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Homelessness vs Houselessness

Home is where the heart is.

We cannot begin to understand the sense of discomfort, fear and despair the 300,000 people currently homeless or living in temporary accommodation experience on a daily basis. From the rough sleepers who have become a familiar sight in our cities, to the hidden homeless, sofa surfing or living in shelters, the problem is rife.

The Wolverhampton city motto is “Out of Darkness Cometh Light”. Our aim at Lotus Sanctuary is to be the light that counters the darkness of homelessness.

We provide housing across the UK and will soon have the ability to house 600 people in transitional supported housing, offering them a two year stay with the support needed to blossom into independence. Some may say 600 units of accommodation is an achievement. We say it’s not even a start.

Combating houselessness is an issue in and of itself with a shortage of housing in the UK. But homelessness is something we are only starting to realise is a deeper issue, an issue that sits deep within the hearts and minds of our residents. More than an issue of bricks and mortar, it’s an issue of trust and trauma. A house isn’t always a home.

A woman who has sought drugs as a way to escape past or on-going violence, only to find herself in a male dominated hostel or sleeping on the streets needs more than a house or flat to solve her problems.

As an industry we need to work with our residents to create that same sense of belonging that we all feel at home. That can only be done by a multi-pronged approach. A holistic, person centred program, tailored to fit the resident’s needs and requirements.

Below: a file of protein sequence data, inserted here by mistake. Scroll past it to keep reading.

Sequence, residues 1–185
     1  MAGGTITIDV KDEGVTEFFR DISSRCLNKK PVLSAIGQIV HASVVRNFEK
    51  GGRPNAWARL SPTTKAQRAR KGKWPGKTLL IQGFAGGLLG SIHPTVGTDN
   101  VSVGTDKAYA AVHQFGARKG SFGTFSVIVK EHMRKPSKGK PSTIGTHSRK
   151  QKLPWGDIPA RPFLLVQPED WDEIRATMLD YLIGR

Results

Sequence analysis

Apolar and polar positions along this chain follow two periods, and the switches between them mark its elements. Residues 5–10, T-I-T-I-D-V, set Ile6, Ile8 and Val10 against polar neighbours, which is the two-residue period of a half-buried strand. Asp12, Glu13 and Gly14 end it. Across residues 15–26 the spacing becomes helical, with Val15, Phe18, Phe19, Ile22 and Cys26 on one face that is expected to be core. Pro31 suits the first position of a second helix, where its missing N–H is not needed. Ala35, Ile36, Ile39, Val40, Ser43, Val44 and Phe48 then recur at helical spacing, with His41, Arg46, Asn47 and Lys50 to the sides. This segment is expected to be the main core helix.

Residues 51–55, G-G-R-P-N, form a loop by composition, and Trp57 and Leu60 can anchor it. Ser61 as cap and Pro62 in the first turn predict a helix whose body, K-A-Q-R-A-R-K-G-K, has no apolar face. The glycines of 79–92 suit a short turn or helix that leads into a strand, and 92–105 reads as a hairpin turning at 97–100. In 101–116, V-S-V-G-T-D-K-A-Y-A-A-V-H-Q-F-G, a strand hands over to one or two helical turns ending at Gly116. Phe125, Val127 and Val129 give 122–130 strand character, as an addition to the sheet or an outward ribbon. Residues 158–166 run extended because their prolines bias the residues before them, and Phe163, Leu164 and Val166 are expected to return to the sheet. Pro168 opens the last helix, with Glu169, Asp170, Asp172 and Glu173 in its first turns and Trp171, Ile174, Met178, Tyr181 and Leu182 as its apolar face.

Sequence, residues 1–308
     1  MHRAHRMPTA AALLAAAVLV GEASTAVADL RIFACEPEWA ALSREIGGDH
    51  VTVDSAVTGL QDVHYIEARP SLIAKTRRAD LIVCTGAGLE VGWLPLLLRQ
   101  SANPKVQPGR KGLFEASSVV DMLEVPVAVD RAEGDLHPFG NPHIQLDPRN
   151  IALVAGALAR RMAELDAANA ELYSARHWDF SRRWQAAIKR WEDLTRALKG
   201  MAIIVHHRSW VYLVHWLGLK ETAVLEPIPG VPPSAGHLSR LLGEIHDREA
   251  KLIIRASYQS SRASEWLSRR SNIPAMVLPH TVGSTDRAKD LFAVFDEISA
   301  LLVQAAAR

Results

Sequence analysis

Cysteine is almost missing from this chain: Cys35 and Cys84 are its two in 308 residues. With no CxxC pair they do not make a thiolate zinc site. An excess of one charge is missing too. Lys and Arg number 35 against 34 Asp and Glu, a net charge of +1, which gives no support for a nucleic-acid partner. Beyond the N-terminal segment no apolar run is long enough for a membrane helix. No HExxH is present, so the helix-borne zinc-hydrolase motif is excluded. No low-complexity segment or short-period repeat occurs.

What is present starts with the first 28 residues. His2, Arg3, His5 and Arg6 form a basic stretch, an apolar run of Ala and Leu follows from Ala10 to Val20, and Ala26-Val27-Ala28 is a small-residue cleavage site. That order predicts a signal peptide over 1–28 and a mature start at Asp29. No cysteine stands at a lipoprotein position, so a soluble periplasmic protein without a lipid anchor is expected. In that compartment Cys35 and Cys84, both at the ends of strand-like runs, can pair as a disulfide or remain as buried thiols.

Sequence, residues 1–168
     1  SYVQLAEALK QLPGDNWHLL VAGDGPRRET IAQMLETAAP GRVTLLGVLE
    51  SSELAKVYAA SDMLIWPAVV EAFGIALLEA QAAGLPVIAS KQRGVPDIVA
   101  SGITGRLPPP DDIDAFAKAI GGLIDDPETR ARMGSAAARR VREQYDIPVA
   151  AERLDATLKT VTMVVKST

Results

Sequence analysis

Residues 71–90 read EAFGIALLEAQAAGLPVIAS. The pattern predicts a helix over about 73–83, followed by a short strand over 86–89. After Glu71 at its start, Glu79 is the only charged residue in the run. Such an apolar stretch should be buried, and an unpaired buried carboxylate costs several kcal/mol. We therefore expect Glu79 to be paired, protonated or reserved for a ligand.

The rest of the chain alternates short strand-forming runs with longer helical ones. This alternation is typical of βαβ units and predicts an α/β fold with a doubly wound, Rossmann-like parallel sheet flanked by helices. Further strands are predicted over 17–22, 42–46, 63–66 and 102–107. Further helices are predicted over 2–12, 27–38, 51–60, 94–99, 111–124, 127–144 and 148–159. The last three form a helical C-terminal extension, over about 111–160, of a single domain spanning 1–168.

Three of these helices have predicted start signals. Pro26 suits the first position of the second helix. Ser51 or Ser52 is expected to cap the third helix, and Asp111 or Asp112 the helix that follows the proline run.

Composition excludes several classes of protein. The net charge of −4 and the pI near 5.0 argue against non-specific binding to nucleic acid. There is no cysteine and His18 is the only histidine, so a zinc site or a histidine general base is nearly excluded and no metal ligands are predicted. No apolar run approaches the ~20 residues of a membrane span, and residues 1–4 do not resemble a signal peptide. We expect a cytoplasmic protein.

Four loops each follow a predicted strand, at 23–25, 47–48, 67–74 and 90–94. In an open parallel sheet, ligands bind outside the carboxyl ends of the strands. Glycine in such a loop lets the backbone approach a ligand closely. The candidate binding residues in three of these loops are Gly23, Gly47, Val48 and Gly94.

No two people are the same, so no two support plans should be the same. We cannot continue to break people down into “client groups”. An individual should be treated as such. Residents should be put at the centre of the support they receive and given autonomy to make important decisions like their choice of support worker, relocation region and type of property.

A homeless woman who has suffered years of abuse from a partner, who has lost all autonomy and sense of self, shouldn’t immediately be told, this is your support worker, support plan, house rules and our expectations of you on day one of moving into a new property. They need time to adjust, to
get comfortable and gather their bearings.

If we are aiming for residents to be prepared to live independently and hold a job after 2 years, we need to utilise that time effectively. Each resident will be different, meaning each “pathway to independence” will look different, as well as the end results of said pathway. Some residents will not need the full 2 years, but we should anticipate that most will need the full length of time to progress.

A “typical” resident at Lotus currently has complex issues and needs. Generally speaking, an average resident would have at least two, if not more of the following issues: physical/mental trauma, class A drug addiction, mental health conditions, sex working, criminal reoffending and alcoholism.

A house does not solve any of these issues, nor does it even begin to address the above. Thus, homelessness vs houselessness. Can a person with those on-going issues feel a sense of home? We must first address those issues. We must assist and empower these residents. We must rebuild their well-being as we also rebuild their sense of normality.

If we take a person centric multifaceted approach to ending homelessness, we can turn houses into homes and turn trauma into healing. We can be the light that shines out of the darkness.